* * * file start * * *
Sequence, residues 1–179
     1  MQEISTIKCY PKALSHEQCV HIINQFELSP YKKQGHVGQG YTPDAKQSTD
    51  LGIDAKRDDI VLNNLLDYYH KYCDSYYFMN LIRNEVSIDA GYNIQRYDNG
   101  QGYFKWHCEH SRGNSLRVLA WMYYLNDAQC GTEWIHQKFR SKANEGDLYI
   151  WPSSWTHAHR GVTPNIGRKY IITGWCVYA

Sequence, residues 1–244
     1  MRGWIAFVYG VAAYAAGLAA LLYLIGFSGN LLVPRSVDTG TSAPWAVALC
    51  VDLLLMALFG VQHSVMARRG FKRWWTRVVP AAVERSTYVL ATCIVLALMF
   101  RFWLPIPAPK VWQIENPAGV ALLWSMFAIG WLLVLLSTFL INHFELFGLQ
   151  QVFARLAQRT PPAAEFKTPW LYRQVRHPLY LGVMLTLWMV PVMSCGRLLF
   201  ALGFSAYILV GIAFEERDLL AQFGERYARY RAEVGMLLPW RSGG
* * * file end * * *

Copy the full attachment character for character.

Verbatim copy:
Sequence, residues 1–179
     1  MQEISTIKCY PKALSHEQCV HIINQFELSP YKKQGHVGQG YTPDAKQSTD
    51  LGIDAKRDDI VLNNLLDYYH KYCDSYYFMN LIRNEVSIDA GYNIQRYDNG
   101  QGYFKWHCEH SRGNSLRVLA WMYYLNDAQC GTEWIHQKFR SKANEGDLYI
   151  WPSSWTHAHR GVTPNIGRKY IITGWCVYA

Sequence, residues 1–244
     1  MRGWIAFVYG VAAYAAGLAA LLYLIGFSGN LLVPRSVDTG TSAPWAVALC
    51  VDLLLMALFG VQHSVMARRG FKRWWTRVVP AAVERSTYVL ATCIVLALMF
   101  RFWLPIPAPK VWQIENPAGV ALLWSMFAIG WLLVLLSTFL INHFELFGLQ
   151  QVFARLAQRT PPAAEFKTPW LYRQVRHPLY LGVMLTLWMV PVMSCGRLLF
   201  ALGFSAYILV GIAFEERDLL AQFGERYARY RAEVGMLLPW RSGG